Eagles fly higher than any other bird, some eagles build their nests on high cliffs over looking the world below. When it is time for a baby eagle to fly the mother eagle has been known to slowly dismantle the nest making the eaglet uncomfortable encouraging them to fly. It is often discomfort that forces us as individuals to stand on the edge preparing to take a leap of faith. Is there a particular leap of faith you sense you are being asked to take?

    • Jer Swigart says:

      Beautiful passage, Greg.

      Honestly, I am beginning to view my day-to-day with the reality that there are multiple precipi that lie in front of me. Some are worth jumping off and others are better retreated from. Discerning when and why to jump vs. retreat requires we tune our ears to the frequeny or the Spirit.

  4. Shawn Cramer says:

    Jer, this fall’s reading is pressing me towards further understanding the emotional process of orientation-disorientation-reorientation. I realize I had fallen prey to the post-Enlightenment trap of over-rationalization “People need to know this.” I admire your team’s relentless pursuit of helping people stay on the journey. Catalytic events are helpful (and sexy), and are easier to fundraise over, but the grinding work is done afterwards. I’m eager to see what you all create.

    • Jer Swigart says:

      Say more on the emotional process of orientaiton-disorientation-reorientation that you’re discovering. Is there a core emotion or feeling that accompanies each of these stages and that may hold us back from stepping into the next?

      • Shawn Cramer says:

        Not a particular emotion with each stage, but the overall feeling of disorientation, discomfort, pressing in to our own prejudices, feeling the pain of others, the emotional pull to the status quo. I doubt people abandon the journey because they intellectually give up, but rather the emotional burden. Just a hypothesis.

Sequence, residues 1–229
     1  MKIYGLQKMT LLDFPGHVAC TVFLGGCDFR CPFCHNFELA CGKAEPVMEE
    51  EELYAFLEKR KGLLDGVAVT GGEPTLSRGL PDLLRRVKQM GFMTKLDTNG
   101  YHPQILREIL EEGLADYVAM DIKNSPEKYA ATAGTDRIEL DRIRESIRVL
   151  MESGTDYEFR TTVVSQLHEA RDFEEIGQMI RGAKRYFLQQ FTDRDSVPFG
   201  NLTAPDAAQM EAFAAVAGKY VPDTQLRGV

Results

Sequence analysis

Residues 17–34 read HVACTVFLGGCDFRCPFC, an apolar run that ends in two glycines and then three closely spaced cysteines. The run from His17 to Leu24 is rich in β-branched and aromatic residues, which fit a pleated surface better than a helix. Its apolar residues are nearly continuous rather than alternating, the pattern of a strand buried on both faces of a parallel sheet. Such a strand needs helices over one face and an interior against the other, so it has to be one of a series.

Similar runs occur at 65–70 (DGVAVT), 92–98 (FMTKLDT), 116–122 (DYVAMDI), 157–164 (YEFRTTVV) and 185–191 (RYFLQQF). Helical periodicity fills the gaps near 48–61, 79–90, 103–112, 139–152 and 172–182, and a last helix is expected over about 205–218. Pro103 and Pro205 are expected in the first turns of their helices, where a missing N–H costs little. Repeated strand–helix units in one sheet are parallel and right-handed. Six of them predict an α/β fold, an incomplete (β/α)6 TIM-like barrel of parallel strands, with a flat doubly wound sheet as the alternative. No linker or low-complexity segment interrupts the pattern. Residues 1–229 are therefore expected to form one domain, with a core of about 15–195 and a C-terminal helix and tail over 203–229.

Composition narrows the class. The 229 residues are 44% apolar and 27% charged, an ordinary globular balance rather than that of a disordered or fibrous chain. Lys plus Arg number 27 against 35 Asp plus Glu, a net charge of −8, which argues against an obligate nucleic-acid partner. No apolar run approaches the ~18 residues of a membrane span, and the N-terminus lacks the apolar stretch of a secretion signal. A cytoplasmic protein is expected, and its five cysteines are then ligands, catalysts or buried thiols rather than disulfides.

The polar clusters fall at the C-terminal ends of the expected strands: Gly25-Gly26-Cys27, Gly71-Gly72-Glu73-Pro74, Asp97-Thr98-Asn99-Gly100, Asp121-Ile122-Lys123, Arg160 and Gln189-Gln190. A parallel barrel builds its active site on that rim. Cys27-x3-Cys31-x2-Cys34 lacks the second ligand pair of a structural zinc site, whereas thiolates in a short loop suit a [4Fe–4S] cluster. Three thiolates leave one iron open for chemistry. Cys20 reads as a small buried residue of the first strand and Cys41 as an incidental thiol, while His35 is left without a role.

5. John McLarty says:

    Your post reminded me of the Lewis and Clark Expedition and the Corps of Discovery. Once they reached the Pacific, they almost immediately wanted to explore more. They even split up on the way home so that they could continue to make new discoveries. And once the journey was truly over, several had a hard time returning to the real world. It is in the process that transformation happens- not magically at the final destination. (Though the end often offers the chance for the reflection necessary to make this realization.) I think that’s what Finisterre is really all about- partly because it’s the sort of “bonus ending” that not everyone who does the pilgrimage sees and partly because of the unique experience it offers. Still, you’re right about the trepidation we have there on the edge. What gives you the confidence to make the leap and to invite others to do so?

    • Jer Swigart says:

      It’s been multiple leaps before, in relationships with seasoned mentors, that gives me the confidene to leap again and again. The previous leaps have convinced me that the transformation on the airborn side of the precipice. It’s hard, painful, exhilerating, costly and always trasnformative.

      Like the L&C explorers, exploring new horizons is slowly becoming a way of life.

  6. Chris Pollock says:

    I have to admit, I’m not too sure what ‘Dominant Culture Faith Leaders’ means. It kinda sounds like a sect. I think I can see that around in the business and suits (like bouncy shoes and thousand-dollar get-ups), ‘lights and action’ Church. Kinda like a sect?

    Letting go at the ledge. Every single morning, into the unknown. Precipice dwellers, I love the thought of that. And, the downward-mobility of Jesus. What is next from the summit or, when the trails leads to the side of a cliff?

    Jump. Float. Fall. Feel. Relief.

    Amen, bro! Always appreciate how your flow can excite the imagination 🙂